Saturday, February 3, 2018

The pride of cities

In our Bible Reading Plan we'd read Isaiah 23. In it, was Isaiah's prophecy against Tyre. Tyre was a major city on the coast, to which many ships from afar brought their goods to trade and sell. Tyre was held in high esteem by all around. (Isaiah 23:8). It had prestige and renown.

Is this your exultant city whose origin is from days of old, whose feet carried her to settle far away? 8Who has purposed this against Tyre, the bestower of crowns, whose merchants were princes, whose traders were the honored of the earth? 9The LORD of hosts has purposed it, to defile the pompous pride of all glory,c to dishonor all the honored of the earth
. (Isaiah 23:7-9)

When a city becomes so vaunted, the leaders of the city become proud. Hence the reason for Isaiah's oracle against Tyre. (Isaiah 23:9). They attributed their success and fame to themselves, and not to God.

This situation reminded me of the scene in Daniel 4. King Nebuchadnezzar displayed the same problem.

and the king answered and said, "Is not this great Babylon, which I have built by my mighty power as a royal residence and for the glory of my majesty?" (Daniel 4:30).

He attributed the city of Babylon's success and fame to himself, and not to God. For his selfish boastfulness and pride, God determined to remove the kingdom from Nebuchadnezzar for 7 years, wherein he would live among beasts as a mad person and eat the grass of the field. When 7 years was over, God restored reason to the king and also the kingdom. Nebuchadnezzar praised God for all His glory.

When we see the glittering towers of the city, its cathedrals, towers, strongholds, and castles, we tend to become proud of our accomplishment in building them. We admire the Eiffel Tower, the Statue of Liberty, the Sears Tower, the Windsor Castle, the Taj Mahal... We enlarge our sea ports and construct airports and enjoy the trade and commerce merchants willingly bring to the city.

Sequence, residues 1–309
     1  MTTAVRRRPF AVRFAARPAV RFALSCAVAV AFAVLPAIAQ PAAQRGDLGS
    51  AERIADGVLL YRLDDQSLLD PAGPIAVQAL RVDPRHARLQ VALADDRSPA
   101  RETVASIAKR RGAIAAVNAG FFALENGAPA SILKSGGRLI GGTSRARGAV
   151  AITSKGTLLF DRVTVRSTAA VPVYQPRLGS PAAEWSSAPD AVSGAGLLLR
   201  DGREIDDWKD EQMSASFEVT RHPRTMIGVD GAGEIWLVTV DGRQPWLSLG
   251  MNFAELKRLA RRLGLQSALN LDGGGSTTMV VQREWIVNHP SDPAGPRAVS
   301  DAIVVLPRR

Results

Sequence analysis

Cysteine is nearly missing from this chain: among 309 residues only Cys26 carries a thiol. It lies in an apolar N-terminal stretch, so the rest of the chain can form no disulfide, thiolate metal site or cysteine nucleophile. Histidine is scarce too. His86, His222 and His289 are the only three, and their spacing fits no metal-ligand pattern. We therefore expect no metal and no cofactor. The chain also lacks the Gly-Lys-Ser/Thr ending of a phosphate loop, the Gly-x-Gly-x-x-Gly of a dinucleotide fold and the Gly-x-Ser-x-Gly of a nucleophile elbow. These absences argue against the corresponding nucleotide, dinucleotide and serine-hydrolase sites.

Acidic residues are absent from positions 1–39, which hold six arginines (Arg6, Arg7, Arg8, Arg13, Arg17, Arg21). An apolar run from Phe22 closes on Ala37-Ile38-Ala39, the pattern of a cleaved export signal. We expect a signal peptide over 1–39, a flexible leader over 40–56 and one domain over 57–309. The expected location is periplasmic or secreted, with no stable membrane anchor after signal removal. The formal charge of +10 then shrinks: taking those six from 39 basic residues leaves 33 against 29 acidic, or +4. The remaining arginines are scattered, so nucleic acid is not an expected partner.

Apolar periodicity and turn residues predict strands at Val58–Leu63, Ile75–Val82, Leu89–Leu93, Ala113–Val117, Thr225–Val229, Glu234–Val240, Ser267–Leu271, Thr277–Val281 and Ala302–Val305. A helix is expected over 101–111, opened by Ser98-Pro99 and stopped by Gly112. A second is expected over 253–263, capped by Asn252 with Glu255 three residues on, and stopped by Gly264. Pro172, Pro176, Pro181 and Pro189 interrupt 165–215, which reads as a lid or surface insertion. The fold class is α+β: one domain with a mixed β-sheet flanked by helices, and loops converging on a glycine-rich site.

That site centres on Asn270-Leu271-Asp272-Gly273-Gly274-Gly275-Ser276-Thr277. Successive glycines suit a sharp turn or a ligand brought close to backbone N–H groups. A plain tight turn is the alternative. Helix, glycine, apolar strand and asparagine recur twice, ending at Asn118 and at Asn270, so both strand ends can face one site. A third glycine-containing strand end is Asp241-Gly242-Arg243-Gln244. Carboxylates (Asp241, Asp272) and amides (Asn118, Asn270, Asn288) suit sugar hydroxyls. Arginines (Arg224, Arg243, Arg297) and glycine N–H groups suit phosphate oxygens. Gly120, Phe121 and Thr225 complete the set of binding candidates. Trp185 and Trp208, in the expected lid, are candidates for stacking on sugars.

We applaud man's ingenuity in building these majestic buildings, we love the fame and renown these landmarks bring to the city and we become boastful inhabitants. But we forget that we have no strength of our own, and no intellect, or ability unless God grants it.

Tyre was razed in 332 BC when Alexander the Great conquered it. And Babylon, we know was felled in one night as described in Jeremiah 51:8 and Daniel 5:30.

If a prophet were to prophesy today, what oracle might be spoken about New York City? Los Angeles? Paris? London? Ezekiel 38:20 prophesies a future day when all walls will crumble to the ground. This page shows how many times God said He will destroy a city for its pride and rebellion. We know He destroyed four Cities of the Plain in one night, Sodom, Gomorrah, Admah, Zeboiim.

The end result of pride, is destruction. This is reiterated in the New Testament, in today's reading of Matthew 11. There is a section between verses 20-24 called "Woe to Unrepentant Cities" such as Chorazin, Bethsaida, Tyre, Sidon, and Capernaum.

Pride goes before destruction, and a haughty spirit before a fall. (Proverbs 16:18). The verse applies to cities as well. The Isaiah verse we'd read yesterday is warning about this.

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